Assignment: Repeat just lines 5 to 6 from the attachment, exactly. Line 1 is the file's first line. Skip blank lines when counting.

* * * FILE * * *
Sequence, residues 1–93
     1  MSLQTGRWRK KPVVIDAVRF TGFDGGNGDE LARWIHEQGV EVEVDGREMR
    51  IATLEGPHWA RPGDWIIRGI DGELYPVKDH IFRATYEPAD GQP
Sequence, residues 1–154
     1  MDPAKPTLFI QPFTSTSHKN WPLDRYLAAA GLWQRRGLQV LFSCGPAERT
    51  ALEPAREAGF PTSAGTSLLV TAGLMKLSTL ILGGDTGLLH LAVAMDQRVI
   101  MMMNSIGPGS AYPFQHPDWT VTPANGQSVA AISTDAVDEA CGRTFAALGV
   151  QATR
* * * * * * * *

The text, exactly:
     1  MDPAKPTLFI QPFTSTSHKN WPLDRYLAAA GLWQRRGLQV LFSCGPAERT
    51  ALEPAREAGF PTSAGTSLLV TAGLMKLSTL ILGGDTGLLH LAVAMDQRVI